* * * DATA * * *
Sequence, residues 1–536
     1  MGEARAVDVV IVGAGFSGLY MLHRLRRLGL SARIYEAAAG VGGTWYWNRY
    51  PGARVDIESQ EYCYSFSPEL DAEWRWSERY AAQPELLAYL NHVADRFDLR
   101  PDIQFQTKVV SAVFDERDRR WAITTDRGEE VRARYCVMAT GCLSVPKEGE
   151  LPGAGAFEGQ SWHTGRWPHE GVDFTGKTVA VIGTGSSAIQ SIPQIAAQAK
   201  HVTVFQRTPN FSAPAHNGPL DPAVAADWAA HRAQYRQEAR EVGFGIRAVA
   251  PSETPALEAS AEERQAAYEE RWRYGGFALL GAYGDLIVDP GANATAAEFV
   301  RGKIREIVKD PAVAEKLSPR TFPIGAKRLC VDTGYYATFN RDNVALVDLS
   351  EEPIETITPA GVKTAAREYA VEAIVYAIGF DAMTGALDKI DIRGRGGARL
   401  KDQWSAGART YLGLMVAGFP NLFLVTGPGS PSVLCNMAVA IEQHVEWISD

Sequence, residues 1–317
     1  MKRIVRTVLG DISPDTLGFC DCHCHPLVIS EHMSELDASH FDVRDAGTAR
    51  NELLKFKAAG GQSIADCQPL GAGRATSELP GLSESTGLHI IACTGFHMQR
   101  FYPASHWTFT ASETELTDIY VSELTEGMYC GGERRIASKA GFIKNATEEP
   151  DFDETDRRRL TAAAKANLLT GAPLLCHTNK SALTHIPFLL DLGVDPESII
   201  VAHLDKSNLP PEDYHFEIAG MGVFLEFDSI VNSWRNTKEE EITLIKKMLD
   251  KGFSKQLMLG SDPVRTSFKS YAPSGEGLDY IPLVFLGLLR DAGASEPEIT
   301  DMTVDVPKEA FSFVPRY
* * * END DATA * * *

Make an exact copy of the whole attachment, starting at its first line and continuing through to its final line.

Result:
Sequence, residues 1–536
     1  MGEARAVDVV IVGAGFSGLY MLHRLRRLGL SARIYEAAAG VGGTWYWNRY
    51  PGARVDIESQ EYCYSFSPEL DAEWRWSERY AAQPELLAYL NHVADRFDLR
   101  PDIQFQTKVV SAVFDERDRR WAITTDRGEE VRARYCVMAT GCLSVPKEGE
   151  LPGAGAFEGQ SWHTGRWPHE GVDFTGKTVA VIGTGSSAIQ SIPQIAAQAK
   201  HVTVFQRTPN FSAPAHNGPL DPAVAADWAA HRAQYRQEAR EVGFGIRAVA
   251  PSETPALEAS AEERQAAYEE RWRYGGFALL GAYGDLIVDP GANATAAEFV
   301  RGKIREIVKD PAVAEKLSPR TFPIGAKRLC VDTGYYATFN RDNVALVDLS
   351  EEPIETITPA GVKTAAREYA VEAIVYAIGF DAMTGALDKI DIRGRGGARL
   401  KDQWSAGART YLGLMVAGFP NLFLVTGPGS PSVLCNMAVA IEQHVEWISD

Sequence, residues 1–317
     1  MKRIVRTVLG DISPDTLGFC DCHCHPLVIS EHMSELDASH FDVRDAGTAR
    51  NELLKFKAAG GQSIADCQPL GAGRATSELP GLSESTGLHI IACTGFHMQR
   101  FYPASHWTFT ASETELTDIY VSELTEGMYC GGERRIASKA GFIKNATEEP
   151  DFDETDRRRL TAAAKANLLT GAPLLCHTNK SALTHIPFLL DLGVDPESII
   201  VAHLDKSNLP PEDYHFEIAG MGVFLEFDSI VNSWRNTKEE EITLIKKMLD
   251  KGFSKQLMLG SDPVRTSFKS YAPSGEGLDY IPLVFLGLLR DAGASEPEIT
   301  DMTVDVPKEA FSFVPRY